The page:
Mark Gubicza 29 28 177.1 14 10 4.06 99 77

Other pitchers

Player G IP W L SV ERA SO
Steve Farr 16 37.2 2 1 1 3.11 36

Relief pitchers

Player G GS W L SV ERA SO
Dan Quisenberry 84 0 8 9 37 2.37 54
Joe Beckwith 49 0 1 5 1 4.07 80
Mike Jones 33 1 3 3 0 4.78 32
Mike LaCoss 21 0 1 1 1 5.09 26
Mark Huismann 9 0 1 0 0 1.93 9
Larry Gura 3 0 0 0 1 12.46 2
Tony Ferreira 2 0 0 0 0 7.94 5
Dennis Leonard 2 0 0 0 0 0.00 1

Awards and honors

Cy Young Award
Bret Saberhagen
Rolaids Relief Man of the Year Award
Dan Quisenberry
ALCS MVP
George Brett
Gold Glove Award
Third base—George Brett
Silver Slugger Award
Third base—George Brett
Executive of the Year
General Manager John Schuerholz

Records and milestones

Batting

Triples

Home runs

Strikeouts

Pitching

Games pitched

Saves

Farm system

See also: Minor League Baseball

Level Team League Manager
AAA Omaha Royals American Association Gene Lamont
AA Memphis Chicks Southern League Tommy Jones
A Fort Myers Royals Florida State League Duane Gustavson
A-Short Season Eugene Emeralds Northwest League Frank Funk
Rookie GCL Royals Gulf Coast League Joe Jones

LEAGUE CHAMPIONS: Fort Myers

References

Notes:

  1. ^ Danny Darwin Statistics Baseball-Reference.com
  2. ^ Jamie Quirk Statistics Baseball-Reference.com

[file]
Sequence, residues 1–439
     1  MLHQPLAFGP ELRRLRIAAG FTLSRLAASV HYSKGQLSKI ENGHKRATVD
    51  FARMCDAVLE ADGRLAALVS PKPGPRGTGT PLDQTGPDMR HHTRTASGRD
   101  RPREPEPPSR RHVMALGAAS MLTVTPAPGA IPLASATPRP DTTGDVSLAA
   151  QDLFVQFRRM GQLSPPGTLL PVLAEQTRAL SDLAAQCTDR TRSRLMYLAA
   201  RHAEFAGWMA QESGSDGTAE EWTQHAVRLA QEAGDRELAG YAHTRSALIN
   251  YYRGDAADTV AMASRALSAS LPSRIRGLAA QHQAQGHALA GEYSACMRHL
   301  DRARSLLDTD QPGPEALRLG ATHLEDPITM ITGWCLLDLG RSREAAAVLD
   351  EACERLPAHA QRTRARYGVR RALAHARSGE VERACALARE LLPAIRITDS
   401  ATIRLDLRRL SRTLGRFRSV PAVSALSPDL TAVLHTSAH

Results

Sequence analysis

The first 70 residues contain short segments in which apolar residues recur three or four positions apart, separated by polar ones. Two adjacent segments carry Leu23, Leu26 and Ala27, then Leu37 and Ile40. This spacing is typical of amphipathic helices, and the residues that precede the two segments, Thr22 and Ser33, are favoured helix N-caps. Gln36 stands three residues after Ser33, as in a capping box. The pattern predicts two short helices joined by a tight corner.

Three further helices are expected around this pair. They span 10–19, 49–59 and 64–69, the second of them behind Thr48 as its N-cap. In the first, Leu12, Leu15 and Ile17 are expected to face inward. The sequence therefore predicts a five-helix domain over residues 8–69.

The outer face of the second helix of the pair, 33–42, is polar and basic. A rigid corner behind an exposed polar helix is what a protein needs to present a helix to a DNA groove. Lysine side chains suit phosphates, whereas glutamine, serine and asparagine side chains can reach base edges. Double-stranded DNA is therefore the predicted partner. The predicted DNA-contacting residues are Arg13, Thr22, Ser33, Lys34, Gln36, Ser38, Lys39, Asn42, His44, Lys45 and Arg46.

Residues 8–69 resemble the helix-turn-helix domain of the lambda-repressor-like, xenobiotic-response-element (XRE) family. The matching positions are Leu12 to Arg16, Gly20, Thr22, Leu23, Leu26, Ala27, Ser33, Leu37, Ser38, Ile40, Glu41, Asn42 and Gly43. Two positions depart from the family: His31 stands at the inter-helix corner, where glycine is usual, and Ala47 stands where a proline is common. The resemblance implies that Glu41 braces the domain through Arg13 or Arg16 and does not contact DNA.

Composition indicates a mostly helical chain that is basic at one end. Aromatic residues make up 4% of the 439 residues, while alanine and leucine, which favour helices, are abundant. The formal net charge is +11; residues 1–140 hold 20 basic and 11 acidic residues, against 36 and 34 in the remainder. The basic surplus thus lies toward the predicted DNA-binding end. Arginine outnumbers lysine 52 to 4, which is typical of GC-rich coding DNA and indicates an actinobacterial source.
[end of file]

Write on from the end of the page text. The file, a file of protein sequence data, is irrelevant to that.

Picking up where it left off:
3. ^ Brian McRae Statistics Baseball-Reference.com
  4. ^ "Chris Jelic: Career Statistics". Baseball Reference. Retrieved March 14, 2018.
  5. ^ Deion Sanders Statistics Baseball-Reference.com
  6. ^ 1985 Opening Day Lineup at Baseball-Reference
  7. ^ "Bad Call Gives Royals New Life". MLB.com. October 26, 1985. Retrieved January 10, 2007.
  8. ^ "1985 World Series Game 1 – St. Louis Cardinals vs. Kansas City Royals". Retrosheet. Retrieved June 10, 2008.
  9. ^ "1985 World Series Game 2 – St. Louis Cardinals vs. Kansas City Royals". Retrosheet. Retrieved June 10, 2008.
  10. ^ "1985 World Series Game 3 – Kansas City Royals vs. St. Louis Cardinals". Retrosheet. Retrieved June 10, 2008.
  11. ^ "1985 World Series Game 4 – Kansas City Royals vs. St. Louis Cardinals". Retrosheet. Retrieved June 10, 2008.
  12. ^ "1985 World Series Game 5 – Kansas City Royals vs. St. Louis Cardinals". Retrosheet. Retrieved June 10, 2008.
  13. ^ "1985 World Series Game 6 – St. Louis Cardinals vs. Kansas City Royals". Retrosheet. Retrieved June 10, 2008.
  14. ^ "1985 World Series Game 7 – St. Louis Cardinals vs. Kansas City Royals". Retrosheet. Retrieved June 10, 2008.
  15. ^ https://www.baseball-reference.com/teams/KCR/1985.shtml